3. Project Pat: Real Recognize Real. Even more than with any other HCP affiliate, you know exactly what you'll get whenever Pat cranks out another album: Weird intonations, beyond-nasty punchlines, earworm choruses, churning beats, heavy dark comedy. This one doesn't vary from the formula at all, and in a way, the total absence of even the most halfhearted attempted crossover hit is sort of a bum-out. But then again, it makes this one work that much better as an unbroken mood piece. And more important, this is just better than anything the Three 6 dudes have done since Most Known Unknowns at least. Everything punches hard, the gothy organs push more evocative horror-movie buttons, the soul-rap detours ("Keep It Hood", "I Be Fresh") sound simultaneously more expansive and fast-and-cheap than usual. And Pat is just in ridiculously great form throughout, both his threats and his sex-talk in super-disgusting mode. Also: Maybe the funniest drunken rambling outro yet from Paul and Juicy. Bonus points for recording it on Election Night: "The pundits have proved us wrong!"

4. Heartless Bastards: The Mountain. I fuck with alt-country basically never, but this has swagger and grandeur and riffs and beautifully fleshed-out but understated production. And it has Erika Wennerstrom, who is pretty much the perfect singer for this kind of scorched-earth roots-rock thing: languid and smoky even when she's ripping the ceiling off, tough and snarly even when she's being quiet. And plus she's got this great deep drawl that I can't imagine how the fuck she could've picked up in Ohio. My line on this record, one I already used when I talked about their SXSW set in Pitchfork, is they're what would happen if the Geraldine Fibbers, who I loved, suddenly got back together and decided they wanted a piece of that Band of Horses keening expansive festival-rock thing. It's huge and elemental and gorgeous, and it makes me nostalgic for I don't even know what.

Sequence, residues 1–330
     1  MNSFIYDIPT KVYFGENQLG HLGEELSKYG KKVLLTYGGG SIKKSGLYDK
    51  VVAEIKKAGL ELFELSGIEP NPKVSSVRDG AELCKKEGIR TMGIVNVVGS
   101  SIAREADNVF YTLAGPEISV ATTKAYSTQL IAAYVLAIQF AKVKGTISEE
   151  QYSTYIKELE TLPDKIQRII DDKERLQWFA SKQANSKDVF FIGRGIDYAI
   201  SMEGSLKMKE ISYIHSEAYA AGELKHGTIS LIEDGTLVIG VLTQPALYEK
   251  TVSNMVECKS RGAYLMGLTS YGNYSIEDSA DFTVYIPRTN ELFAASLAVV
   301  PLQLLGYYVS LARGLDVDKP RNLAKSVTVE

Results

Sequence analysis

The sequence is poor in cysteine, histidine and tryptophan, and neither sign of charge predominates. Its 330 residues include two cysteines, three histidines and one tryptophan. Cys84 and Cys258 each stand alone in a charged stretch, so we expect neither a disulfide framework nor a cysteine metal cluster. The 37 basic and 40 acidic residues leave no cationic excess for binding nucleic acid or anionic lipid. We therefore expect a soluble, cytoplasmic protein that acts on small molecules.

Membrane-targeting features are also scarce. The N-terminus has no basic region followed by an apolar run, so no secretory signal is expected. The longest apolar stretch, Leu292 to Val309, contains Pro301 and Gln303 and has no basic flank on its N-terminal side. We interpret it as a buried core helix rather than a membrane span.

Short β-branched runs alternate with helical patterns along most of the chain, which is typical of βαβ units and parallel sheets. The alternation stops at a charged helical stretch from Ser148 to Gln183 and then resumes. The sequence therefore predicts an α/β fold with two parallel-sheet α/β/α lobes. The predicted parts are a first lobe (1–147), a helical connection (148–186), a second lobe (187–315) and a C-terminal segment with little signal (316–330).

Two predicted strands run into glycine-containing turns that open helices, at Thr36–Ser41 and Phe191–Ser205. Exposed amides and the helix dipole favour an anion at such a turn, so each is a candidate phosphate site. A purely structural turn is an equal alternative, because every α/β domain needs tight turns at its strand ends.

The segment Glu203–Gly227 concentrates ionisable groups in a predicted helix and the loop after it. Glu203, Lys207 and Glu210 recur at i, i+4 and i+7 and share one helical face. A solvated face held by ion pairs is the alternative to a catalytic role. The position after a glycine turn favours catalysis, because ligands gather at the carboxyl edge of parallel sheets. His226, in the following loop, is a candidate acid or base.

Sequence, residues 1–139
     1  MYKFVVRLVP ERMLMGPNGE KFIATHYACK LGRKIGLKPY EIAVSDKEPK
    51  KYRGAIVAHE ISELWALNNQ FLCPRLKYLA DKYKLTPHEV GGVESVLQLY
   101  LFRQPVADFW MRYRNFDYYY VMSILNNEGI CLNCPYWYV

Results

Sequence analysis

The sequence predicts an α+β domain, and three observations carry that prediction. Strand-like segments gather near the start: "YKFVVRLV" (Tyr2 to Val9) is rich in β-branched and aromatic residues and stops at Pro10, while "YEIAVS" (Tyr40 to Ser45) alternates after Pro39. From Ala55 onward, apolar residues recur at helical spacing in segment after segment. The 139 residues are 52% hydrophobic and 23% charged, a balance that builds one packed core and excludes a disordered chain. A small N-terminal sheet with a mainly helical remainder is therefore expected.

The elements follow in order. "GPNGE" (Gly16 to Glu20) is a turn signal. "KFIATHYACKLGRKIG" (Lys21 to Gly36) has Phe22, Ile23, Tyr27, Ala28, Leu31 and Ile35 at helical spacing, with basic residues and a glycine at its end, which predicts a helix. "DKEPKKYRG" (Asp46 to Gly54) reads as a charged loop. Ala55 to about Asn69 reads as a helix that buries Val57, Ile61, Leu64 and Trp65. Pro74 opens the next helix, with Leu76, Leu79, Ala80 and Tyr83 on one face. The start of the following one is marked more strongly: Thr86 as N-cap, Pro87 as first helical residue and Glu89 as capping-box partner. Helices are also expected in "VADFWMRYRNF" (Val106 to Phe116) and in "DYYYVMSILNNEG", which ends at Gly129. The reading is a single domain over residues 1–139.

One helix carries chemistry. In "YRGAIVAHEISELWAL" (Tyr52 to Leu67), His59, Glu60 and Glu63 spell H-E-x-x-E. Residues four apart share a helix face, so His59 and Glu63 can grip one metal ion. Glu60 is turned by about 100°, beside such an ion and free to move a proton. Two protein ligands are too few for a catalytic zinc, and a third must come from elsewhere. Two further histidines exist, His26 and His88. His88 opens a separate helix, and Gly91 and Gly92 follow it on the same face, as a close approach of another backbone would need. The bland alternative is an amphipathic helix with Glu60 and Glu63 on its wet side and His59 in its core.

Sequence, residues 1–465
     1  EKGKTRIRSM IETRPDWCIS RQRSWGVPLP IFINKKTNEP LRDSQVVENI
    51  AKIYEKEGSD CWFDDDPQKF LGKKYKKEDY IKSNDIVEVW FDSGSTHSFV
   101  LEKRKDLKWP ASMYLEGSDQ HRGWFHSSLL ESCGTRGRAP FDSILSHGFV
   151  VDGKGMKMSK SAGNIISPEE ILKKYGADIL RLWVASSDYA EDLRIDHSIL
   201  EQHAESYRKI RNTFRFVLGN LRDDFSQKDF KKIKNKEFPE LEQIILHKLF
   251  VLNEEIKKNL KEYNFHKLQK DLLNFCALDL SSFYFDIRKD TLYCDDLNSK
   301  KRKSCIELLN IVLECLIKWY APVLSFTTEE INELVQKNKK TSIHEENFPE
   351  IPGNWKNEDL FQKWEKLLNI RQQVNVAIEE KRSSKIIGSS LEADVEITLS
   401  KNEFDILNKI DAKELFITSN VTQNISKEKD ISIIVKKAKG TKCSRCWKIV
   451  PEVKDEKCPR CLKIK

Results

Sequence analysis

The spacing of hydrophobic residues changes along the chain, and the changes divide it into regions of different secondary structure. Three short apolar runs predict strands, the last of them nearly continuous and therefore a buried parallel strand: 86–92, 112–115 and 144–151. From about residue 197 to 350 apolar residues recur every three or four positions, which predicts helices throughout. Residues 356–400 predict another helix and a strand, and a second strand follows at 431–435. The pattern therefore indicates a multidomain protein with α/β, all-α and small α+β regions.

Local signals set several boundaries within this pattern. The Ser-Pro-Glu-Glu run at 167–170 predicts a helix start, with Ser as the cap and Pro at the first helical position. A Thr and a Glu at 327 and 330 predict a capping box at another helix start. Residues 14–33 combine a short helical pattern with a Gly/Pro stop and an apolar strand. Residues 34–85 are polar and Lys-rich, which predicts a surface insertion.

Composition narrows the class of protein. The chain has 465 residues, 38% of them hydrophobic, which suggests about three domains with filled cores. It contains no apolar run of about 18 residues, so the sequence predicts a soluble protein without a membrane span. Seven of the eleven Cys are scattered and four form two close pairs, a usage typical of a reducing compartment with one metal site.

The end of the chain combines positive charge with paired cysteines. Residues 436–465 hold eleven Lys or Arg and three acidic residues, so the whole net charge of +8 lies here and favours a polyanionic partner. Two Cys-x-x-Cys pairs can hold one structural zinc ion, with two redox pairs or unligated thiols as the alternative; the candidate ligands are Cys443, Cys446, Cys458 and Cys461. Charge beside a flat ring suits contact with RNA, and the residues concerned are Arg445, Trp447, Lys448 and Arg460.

5. Kylesa: Static Tensions. I'm, like, biologically predisposed to liking any band with two drummers. (See: Black Eyes.) So it kind of bummed me out that you essentially couldn't hear that Kylesa had two drummers on Time Will Fuse Its Worth, especially after I watched them rip shit up onstage. This new one is the first one where you can really hear both of those guys dropping bombs, and it's just an incalculable leap forward for this band. It really helps that each drummer gets his own speaker channel, so you get this weirdly nauseating off-balance effect when you listen on headphones. But more than that, this is just a straight-up whoop-ass crusty metal album. As much as I like the new Mastodon, I wish it just roiled and blared and stomped as hard as this one does. There are a few pretty quieter moments in there, and the choruses are huge and catchy, but the band never lets any of that fuck with their overwhelming onslaught here. When you can come out with an album of grimy riffage at the same time as Mastodon and actually beat them at their own game, you're doing something right.

6-10. Mi Ami: Watersports; Yeah Yeah Yeahs: It's Blitz!; Fever Ray: Fever Ray; Mastodon: Crack the Skye; Bonnie Prince Billy: Beware

Singles when I get to them.